|By Photo by Nick Michael (Private collection) |
[Public domain], via Wikimedia Commons
Tuesday, December 24, 2013
Wednesday, December 18, 2013
December. We look back and summarize our year on Christmas cards. Book review journals summarize a year of publishing in "best" lists.
School Library Journal has published three Best Books lists: Fiction, Non-fiction, and Picture Books. (From the fiction list, you can access the other two lists.)
These SLJ lists hover around twenty titles in each category. It's interesting to compare those lists with the shorter (more selective?) list from Horn Book.
Sunday, December 15, 2013
I love it when I'm on the other end of that deal, too. When I open a box and in it is exactly what I want at that moment.
But I'm lucky. Really lucky. I get that feeling of opening up a box and finding that exact special treat so many times every year. I get it every time I walk into my library.
Wednesday, December 11, 2013
Thursday, December 5, 2013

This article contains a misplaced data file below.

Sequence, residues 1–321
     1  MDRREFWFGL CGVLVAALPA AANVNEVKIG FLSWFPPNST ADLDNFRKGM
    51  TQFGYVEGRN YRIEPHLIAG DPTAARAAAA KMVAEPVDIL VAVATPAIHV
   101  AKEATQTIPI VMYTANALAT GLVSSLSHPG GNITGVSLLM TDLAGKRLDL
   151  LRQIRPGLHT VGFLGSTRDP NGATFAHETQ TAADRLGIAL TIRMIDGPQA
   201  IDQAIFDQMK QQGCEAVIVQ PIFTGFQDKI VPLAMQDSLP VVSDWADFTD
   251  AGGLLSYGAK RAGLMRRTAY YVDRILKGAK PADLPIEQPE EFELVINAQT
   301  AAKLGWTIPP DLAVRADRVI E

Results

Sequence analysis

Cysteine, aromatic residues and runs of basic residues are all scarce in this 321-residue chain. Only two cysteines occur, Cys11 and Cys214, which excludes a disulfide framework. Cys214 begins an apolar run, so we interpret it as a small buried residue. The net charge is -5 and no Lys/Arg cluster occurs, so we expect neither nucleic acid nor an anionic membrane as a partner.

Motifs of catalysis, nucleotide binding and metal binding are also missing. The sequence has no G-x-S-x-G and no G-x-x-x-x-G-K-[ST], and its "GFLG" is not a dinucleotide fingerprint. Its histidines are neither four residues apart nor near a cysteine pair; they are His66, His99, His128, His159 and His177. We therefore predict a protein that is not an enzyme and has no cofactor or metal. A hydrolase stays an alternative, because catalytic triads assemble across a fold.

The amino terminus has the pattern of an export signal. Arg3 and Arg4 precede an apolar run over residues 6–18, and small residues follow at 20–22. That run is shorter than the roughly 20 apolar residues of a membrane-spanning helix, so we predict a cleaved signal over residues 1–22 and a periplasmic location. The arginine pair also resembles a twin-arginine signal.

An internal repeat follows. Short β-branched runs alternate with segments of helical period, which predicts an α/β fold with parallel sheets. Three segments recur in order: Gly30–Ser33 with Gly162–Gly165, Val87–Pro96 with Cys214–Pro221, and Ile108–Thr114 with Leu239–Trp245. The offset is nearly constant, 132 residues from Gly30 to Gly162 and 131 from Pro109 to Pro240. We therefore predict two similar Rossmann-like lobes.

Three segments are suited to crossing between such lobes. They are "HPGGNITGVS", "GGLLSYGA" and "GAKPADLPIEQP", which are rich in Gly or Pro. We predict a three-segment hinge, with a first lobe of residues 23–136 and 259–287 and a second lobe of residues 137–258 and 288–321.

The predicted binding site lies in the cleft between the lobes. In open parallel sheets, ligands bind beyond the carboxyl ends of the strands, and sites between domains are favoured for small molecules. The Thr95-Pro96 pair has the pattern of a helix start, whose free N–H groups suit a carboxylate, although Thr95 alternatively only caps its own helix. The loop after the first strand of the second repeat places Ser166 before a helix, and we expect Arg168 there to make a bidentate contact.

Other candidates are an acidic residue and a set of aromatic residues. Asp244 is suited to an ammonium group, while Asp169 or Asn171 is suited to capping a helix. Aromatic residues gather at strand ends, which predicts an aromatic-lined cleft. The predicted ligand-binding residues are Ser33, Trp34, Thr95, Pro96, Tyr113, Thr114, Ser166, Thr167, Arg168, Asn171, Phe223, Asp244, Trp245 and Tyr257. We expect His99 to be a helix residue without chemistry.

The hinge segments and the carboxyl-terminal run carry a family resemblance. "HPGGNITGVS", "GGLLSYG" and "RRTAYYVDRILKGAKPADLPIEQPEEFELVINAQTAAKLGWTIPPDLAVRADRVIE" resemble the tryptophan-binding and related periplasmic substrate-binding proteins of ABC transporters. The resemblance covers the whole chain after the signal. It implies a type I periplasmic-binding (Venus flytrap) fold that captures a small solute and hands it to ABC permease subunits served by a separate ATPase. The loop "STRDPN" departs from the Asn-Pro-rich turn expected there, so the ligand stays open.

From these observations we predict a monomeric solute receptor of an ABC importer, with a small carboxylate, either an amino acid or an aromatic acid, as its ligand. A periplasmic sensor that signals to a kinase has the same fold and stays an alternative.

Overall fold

To follow up on Julie's post, I think writers have been adhering to the "common core" for centuries. Most writers are not just story tellers. They are teachers as well. It comes naturally to them to describe a scene, a sequence, a beginning and an end. Writers raise questions and answer them. They use history, science, anecdotes, folktales old and new, stones, ducks, rabbits and wizards to tell their stories. In every story there is something that relates to what constitutes an education for a child.
I was reminded of this today in a Wall Street Journal piece, "The Hunger Games" Is a Civic Lesson" by Robert Pondiscio, a former fifth grade teacher in New York's South Bronx. He explains that when parents decry the brutality in Suzanne Collins' novels, they overlook the excellent opportunity the author offers. Not only do the books keep "reluctant" readers turning the pages, but, Mr. Pondiscio says, "they also provide an opportunity to educate kids about the relationship between the individual and the state, personal rights and responsibilities, and the civic duties expected of citizens."
So, writers, worry not. Keep on writing, whether it is about Yetis, frogs, spoonbills, alligators or penguins, graveyards or vegetable gardens. You are all "writing to the core."